478 U.S. 804, 813-14 & n. 11, 106 S.Ct. 3229, 3234-35 & n. 11, 92 L.Ed.2d
650 (1986). Then Diaz stresses that, to the extent federal law is mentioned in
his complaint, it is only to point out a way that Sheppard neglected his legal
duty of care (an essential element of Diaz's state law malpractice claim): to
establish that the federal law at issue in Costello--exercise requirements under
the Eighth Amendment--was settled, was favorable to prisoners like Diaz, and
should have been known by Sheppard.

Diaz basically argues that no interpretation of federal law is necessary to


adjudicate his state law claims: the fundamental legal standards are
substantially undisputed. He says that, in the light of well-settled federal case
law, Sheppard ignored the Costello court's appointed experts who
recommended one hour of exercise per day. Briefly stated, Diaz charges that
Sheppard unreasonably underestimated the strength of the prisoners' case and,
as a result, stipulated to a judgment that was too unfavorable.

10

On a motion to remand, the removing party bears the burden of establishing


jurisdiction. See Tapscott v. MS Dealer Serv. Corp., 77 F.3d 1353, 1356 (11th
Cir.1996). The removal statute should be construed narrowly with doubt
construed against removal. See Shamrock Oil & Gas Corp. v. Sheets, 313 U.S.
100, 107-09, 61 S.Ct. 868, 872, 85 L.Ed. 1214 (1941). We look at the
complaint. As a general rule, a case arises under federal law only if it is federal

law that creates the cause of action. See Franchise Tax Board, 463 U.S. at 8-10,
103 S.Ct. at 2846. The case, however, may arise under federal law "if a wellpleaded complaint established that [the] right to relief under state law requires
resolution of a substantial question of federal law in dispute between the
parties." Id. at 13, 103 S.Ct. at 2848. But, the "mere presence of a federal issue
in a state cause of action does not automatically confer federal-question
jurisdiction." Merrell Dow, 478 U.S. at 813, 106 S.Ct. at 3234. See also Moore
v. Chesapeake & Ohio Ry. Co., 291 U.S. 205, 212-15, 54 S.Ct. 402, 405-06, 78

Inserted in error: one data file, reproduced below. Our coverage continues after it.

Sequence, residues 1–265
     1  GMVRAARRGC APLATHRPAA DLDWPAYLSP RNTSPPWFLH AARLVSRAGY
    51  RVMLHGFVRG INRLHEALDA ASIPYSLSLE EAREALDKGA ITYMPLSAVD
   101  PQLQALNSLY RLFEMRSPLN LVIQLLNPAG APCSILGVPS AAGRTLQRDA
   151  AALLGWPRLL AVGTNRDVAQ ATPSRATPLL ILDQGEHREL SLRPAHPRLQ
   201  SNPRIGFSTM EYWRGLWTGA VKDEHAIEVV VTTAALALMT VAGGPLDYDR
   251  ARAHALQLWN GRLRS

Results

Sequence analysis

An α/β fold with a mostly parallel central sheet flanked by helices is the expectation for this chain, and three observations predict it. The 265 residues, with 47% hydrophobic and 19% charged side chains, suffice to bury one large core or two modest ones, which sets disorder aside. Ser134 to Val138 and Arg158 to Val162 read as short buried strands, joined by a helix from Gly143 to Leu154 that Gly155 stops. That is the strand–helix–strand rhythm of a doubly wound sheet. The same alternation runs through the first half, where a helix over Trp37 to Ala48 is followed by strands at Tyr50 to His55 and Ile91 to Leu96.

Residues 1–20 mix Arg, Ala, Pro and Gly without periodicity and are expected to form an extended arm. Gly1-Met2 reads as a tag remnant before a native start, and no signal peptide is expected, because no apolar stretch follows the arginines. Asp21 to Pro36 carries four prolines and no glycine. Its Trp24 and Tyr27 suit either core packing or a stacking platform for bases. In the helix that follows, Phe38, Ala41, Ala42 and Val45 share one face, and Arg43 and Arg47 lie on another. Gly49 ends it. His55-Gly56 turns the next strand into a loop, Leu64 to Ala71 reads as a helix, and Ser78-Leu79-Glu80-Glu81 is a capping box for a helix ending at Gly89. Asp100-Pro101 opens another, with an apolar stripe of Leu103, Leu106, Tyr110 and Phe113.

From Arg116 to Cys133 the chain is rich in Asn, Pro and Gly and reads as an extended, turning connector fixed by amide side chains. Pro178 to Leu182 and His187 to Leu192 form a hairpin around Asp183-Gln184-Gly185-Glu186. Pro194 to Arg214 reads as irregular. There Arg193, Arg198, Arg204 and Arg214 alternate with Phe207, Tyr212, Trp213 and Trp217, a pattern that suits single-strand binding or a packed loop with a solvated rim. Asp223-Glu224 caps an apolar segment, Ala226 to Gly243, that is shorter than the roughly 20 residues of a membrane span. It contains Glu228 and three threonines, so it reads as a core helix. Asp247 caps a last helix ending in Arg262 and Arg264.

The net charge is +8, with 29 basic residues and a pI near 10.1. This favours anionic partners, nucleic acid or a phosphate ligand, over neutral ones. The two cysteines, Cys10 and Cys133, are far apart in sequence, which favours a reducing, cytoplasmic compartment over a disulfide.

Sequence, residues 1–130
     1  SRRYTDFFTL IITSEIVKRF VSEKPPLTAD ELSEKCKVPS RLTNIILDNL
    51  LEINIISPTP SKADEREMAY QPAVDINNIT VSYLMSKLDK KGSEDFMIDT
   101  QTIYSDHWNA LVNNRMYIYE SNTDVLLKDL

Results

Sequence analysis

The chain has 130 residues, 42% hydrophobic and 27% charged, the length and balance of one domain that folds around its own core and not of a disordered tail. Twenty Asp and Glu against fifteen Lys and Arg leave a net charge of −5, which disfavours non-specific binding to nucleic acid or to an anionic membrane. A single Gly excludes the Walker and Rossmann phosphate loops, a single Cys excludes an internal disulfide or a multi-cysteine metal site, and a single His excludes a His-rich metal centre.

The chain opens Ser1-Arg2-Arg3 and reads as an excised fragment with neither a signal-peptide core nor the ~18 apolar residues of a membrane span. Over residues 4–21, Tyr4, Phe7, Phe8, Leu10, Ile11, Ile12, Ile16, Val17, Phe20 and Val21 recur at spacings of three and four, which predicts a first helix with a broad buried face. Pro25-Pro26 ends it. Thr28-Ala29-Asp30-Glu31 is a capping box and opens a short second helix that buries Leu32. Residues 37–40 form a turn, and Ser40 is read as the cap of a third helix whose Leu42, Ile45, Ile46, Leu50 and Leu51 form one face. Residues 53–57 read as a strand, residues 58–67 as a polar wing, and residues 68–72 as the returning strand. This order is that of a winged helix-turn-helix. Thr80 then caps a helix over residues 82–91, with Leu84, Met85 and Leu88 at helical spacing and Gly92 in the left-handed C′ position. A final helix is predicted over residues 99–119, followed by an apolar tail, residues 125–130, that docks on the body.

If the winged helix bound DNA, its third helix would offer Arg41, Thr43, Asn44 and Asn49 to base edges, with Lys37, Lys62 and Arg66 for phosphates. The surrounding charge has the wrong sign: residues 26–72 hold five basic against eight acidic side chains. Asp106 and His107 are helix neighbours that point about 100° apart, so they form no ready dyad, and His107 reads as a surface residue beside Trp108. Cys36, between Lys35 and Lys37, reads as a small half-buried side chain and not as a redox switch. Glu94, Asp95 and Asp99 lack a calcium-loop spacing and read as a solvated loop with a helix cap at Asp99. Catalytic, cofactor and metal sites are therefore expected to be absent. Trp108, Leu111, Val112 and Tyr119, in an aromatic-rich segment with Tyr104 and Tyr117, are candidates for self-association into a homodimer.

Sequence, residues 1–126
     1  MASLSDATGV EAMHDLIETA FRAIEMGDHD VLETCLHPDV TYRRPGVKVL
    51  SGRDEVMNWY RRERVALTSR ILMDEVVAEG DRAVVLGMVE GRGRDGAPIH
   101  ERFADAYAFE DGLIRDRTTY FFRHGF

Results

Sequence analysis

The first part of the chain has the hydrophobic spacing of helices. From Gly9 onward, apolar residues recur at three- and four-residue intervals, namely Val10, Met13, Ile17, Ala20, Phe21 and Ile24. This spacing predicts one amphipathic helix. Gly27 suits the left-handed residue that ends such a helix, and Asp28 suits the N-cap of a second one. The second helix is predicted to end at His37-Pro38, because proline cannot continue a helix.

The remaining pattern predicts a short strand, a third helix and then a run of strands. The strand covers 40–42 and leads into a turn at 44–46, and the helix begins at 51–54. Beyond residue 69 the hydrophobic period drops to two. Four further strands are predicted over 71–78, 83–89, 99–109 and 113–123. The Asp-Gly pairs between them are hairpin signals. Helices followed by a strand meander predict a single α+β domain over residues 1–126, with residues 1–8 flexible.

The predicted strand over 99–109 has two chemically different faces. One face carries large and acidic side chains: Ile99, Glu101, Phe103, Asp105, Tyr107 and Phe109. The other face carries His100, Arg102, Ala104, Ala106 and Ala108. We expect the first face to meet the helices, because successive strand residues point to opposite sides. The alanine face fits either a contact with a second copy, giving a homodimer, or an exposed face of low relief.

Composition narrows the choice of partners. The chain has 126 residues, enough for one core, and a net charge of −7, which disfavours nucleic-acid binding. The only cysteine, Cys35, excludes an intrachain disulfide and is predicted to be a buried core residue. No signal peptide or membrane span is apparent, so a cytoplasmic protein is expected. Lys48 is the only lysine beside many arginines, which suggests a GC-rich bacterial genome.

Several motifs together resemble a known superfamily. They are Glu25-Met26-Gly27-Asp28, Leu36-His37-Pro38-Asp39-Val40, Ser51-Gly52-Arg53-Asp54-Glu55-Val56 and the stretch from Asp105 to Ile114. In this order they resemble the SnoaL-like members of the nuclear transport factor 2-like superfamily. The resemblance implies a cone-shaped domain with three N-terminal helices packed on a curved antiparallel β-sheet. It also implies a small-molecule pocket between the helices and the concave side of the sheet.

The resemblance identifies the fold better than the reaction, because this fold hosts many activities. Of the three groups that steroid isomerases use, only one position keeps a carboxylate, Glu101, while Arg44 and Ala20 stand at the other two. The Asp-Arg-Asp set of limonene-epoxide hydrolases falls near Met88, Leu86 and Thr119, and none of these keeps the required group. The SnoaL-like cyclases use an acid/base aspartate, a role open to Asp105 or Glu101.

L.Ed. 755 (1934) (that part of state statutory scheme requires some analysis of
federal law is insufficient to invoke federal jurisdiction).3
11

The district court erred in denying Diaz's motion to remand. The nature of
Diaz's complaint is that Sheppard is guilty of malpractice, negligence and
breach of contract under Florida law. (We do not hint that Diaz's claim has
merit or even that he has stated a claim upon which relief can be granted under
Florida law). No substantial question of federal law must be answered to
determine plaintiff's claims, and federal jurisdiction is lacking. See Ray v.
Tennessee Valley Authority, 677 F.2d 818, 825-26 (11th Cir.1982) (holding,
pre-Franchise Tax Board, that district court had no federal jurisdiction to hear
malpractice case arising from defendant attorney's representation, per
appointment by court, of plaintiff in 42 U.S.C. 1983 action).

12

Whether Sheppard in Costello misread or disregarded federal law in such an


unreasonable way so as to constitute legal malpractice in Florida is ultimately a
question of state law. In the complaint, the Eighth Amendment is mentioned
only to support an element of Diaz's state law claim. Cf. Hill v. Marston, 13
F.3d 1548, 1550 (11th Cir.1994) (complaint alleging violations by defendant
lawyer of state securities registration statutes did not arise under federal law for
purposes of federal question jurisdiction, even though elements of state law
claim included alleged knowledge of, and failure to comply with, federal
securities laws); Berg v. Leason, 32 F.3d 422, 426 (9th Cir.1994) (malicious
prosecution action does not arise under federal law because one element
requires proof that underlying federal action was legally untenable).

13

If the pertinent Eighth Amendment law was debatable, to decide whether


Sheppard's understanding of the applicable law in Costello was within the
range of the reasonable will require no precise determination of what the
pertinent federal law was in reality; so no substantial question of federal law
needs to be decided. If the pertinent Eighth Amendment law truly was clearly
settled before the stipulated judgment was entered in Costello, no substantial
question of federal law is presented: the question has already been answered.
We have no doubt that a state court can, if need be, resolve matters of federal

constitutional law to the point necessary to determine whether Sheppard's


understanding of the law was unreasonable.
14

More important, because Diaz contends that Sheppard wrongfully ignored the
opinion evidence of the court-appointed experts, the professional responsibility
claims in the complaint do not hinge on the substance of the Eighth
Amendment (whatever it may be exactly and about which there may be no
controversy). Instead, they hinge on his lawyer's alleged negligence in
evaluating the prisoners' case and in basically agreeing to an inadequate
settlement given all the circumstances in the Costello case--including the expert
opinions supporting the need for more exercise and the status, in fact, of the law